I read this article and had to share it, for some reason I thought it was pretty funny especially since it happened in Orange County, California, known for the hoity toity people there. Canyon High School will eliminate “Señores and Señoritas Day,” an event where students were encouraged to don Latino-themed attire, after several students this spring arrived to campus dressed as gang members, gardeners, border patrol agents and pregnant teens.
Orange Unified officials have announced they will also require the school’s administrators and staff to take sensitivity training, and vow to better review student activities to ensure they aren’t culturally insensitive.
These actions follow a district investigation into a complaint from a former student who called the “Señores and Señoritas Day” racist and offensive to Latino students and their families.
“It was determined some students dressed in stereotypical fashion which was not appropriate, and that the actions of these students were demeaning,” Orange Unified Superintendent Michael Christensen said Thursday in a written statement. “The district is committed to working with staff and students of Canyon High School to ensure a positive school climate and culture in all school activities.”
Canyon High held “Señores and Señoritas Day” June 6 as part of the school’s senior activity week. One boy dressed as a gardener, while another boy dressed as a pregnant girl pushing a baby stroller. Others dressed as gang members with bandanas and teardrop tattoo replicas. Some students wore plaid Pendleton shirts, ponchos, large sombreros and mustaches. A few students dressed as INS agents, walking around the campus “arresting Mexican students.”
Several students chronicled the event through Facebook photos and postings. Students have described that those wearing the costumes came from different races and backgrounds.
“Señores and Señoritas Day” has been part of Senior Week for the past three years. The district began investigating in June after former student Jared Garcia-Kessler filed a complaint. Garcia-Kessler, who graduated in 2011, said some students had also dressed inappropriately in previous years. He filed the complaint after he found out the school continued organizing the event in 2012, with even more students dressing in stereotypical costumes.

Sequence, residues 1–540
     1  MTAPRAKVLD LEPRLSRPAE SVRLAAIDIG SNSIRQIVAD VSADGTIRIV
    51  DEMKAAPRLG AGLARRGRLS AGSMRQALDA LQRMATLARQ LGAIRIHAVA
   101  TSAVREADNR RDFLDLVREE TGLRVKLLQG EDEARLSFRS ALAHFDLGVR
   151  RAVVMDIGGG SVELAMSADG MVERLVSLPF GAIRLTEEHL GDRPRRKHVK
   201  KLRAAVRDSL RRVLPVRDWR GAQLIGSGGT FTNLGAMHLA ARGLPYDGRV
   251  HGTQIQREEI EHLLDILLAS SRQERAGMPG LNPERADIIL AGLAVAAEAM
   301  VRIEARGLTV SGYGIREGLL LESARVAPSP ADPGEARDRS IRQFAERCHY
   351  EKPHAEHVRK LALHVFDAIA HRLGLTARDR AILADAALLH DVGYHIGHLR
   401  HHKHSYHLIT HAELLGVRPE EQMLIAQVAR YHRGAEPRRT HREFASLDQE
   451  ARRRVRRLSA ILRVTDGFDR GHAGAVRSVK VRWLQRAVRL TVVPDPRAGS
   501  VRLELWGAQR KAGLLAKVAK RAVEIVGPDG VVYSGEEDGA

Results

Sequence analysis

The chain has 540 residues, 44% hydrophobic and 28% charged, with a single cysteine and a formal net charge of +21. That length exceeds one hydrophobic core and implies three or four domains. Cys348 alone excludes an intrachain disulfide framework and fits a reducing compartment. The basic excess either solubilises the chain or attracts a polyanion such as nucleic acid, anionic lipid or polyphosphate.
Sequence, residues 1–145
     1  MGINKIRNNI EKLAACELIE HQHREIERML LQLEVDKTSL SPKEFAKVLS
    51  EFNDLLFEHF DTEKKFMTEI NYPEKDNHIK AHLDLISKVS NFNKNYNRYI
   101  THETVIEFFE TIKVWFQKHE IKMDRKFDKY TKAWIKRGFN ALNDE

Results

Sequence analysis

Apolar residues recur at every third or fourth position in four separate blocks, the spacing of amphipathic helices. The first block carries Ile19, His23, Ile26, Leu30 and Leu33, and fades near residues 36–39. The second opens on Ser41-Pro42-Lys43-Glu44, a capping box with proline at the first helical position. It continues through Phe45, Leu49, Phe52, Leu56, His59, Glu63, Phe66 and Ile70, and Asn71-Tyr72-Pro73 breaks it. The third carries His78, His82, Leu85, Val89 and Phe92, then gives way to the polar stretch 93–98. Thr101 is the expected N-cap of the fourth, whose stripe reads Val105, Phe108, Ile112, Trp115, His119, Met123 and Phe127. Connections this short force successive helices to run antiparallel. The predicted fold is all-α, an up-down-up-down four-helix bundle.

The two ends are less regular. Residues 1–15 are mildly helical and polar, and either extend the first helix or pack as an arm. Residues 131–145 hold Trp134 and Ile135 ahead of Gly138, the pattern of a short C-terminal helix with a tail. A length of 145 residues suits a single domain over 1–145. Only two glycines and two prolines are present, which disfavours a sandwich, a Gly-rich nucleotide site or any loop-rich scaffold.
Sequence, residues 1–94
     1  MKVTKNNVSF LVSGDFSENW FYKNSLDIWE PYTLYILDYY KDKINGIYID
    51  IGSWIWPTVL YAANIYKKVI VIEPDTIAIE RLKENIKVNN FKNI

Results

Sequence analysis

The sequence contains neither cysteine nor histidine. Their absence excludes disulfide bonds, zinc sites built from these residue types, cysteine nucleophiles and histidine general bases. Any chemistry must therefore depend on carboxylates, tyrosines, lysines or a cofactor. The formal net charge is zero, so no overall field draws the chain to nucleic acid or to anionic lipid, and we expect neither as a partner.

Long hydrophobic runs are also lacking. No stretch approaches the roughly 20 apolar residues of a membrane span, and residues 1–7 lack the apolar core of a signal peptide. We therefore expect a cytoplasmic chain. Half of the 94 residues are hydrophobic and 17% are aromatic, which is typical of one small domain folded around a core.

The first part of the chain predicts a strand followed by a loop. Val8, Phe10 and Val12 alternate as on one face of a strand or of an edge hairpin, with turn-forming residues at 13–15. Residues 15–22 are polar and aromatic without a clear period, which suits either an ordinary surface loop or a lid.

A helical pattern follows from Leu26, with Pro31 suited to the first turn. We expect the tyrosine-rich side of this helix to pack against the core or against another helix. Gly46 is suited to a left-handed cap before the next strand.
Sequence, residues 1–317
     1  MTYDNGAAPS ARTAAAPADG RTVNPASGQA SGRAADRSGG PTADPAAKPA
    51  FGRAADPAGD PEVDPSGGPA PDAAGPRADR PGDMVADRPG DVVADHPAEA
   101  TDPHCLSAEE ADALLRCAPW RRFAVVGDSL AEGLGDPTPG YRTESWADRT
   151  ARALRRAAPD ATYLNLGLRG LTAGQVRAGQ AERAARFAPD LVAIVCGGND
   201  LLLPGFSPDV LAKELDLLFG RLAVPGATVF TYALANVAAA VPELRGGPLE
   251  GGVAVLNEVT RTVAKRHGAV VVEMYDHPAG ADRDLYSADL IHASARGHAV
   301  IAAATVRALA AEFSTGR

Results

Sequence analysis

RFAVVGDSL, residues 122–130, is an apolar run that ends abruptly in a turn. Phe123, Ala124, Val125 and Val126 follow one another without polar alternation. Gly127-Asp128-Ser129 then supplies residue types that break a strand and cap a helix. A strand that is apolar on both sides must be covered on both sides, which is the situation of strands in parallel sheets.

“It was very offensive. It was demeaning to my culture,” Garcia-Kessler said. “The school set it up as a day to celebrate Mexican culture, but some students thought it would be funny to go over the top. I just thought enough was enough.”
Aileen Sterling, the district’s director of secondary education, interviewed students and staff, and reviewed e-mails and Facebook postings as part of the district’s investigation. The investigation lasted over a month. Sterling concluded that Canyon High’s administration did not properly communicate guidelines for the event to students.
“There was a lack of oversight/supervision and that the school administration should not have allowed this activity,” Sterling said in an Aug. 10 letter regarding the inquiry. “It is contrary to a positive school climate and it divides students of diverse backgrounds rather than pull them together with acceptance and understanding.”
Sterling found that in 2011 a few students also dressed inappropriately, as INS agents, but not to the extreme that occurred this June, she said.
Sterling would not disclose if the district disciplined any students or Canyon’s administrators and staff. The school’s principal, Greg Bowden, did not return Register calls for comment.
Besides permanently eliminating “Señores and Señoritas Day,” the district will require:
• Canyon High’s administrators to participate in sensitivity training
• The principal to include in an upcoming parent newsletter an article regarding the inappropriateness of the June event
• The school to implement “International Week,” an activity to focus on the appreciation of different cultures, including discussions in history classes
• School administration to add a vetting process whereby each activity is reviewed to determine what might go wrong or whom it might offend
“We are serious in our intent to provide effective action so that this will not recur and we are equally dedicated to provide the best education for the students of our community,” Sterling said.
Garcia-Kessler said he supported the investigation’s findings and new procedures put in place.
“In a district where we have so many immigrants, schools are supposed to be safe havens,” he said. “To bring this type of event to a school shows intolerance and does not support schools as safe learning environments.”
At the campus Thursday, the first day of classes, reaction among students and parents was mixed.
Parent Joie Smith said she wouldn’t let her children dress in stereotypical costumes.
“I know there are people who are going to be offended by it and they need to have more common sense,” she said.
Junior Andy Hernandez couldn’t understand why someone would complain.
“They need to get a sense of humor,” Hernandez said. “There’s much worse things to worry about.”
Sophomore Alex McBride didn’t participate, but said some costumes seemed OK, while others were insensitive.
“I think there were some people who took it to the next level,” he said.
By FERMIN LEAL and DANIEL LANGHORNE / THE ORANGE COUNTY REGISTER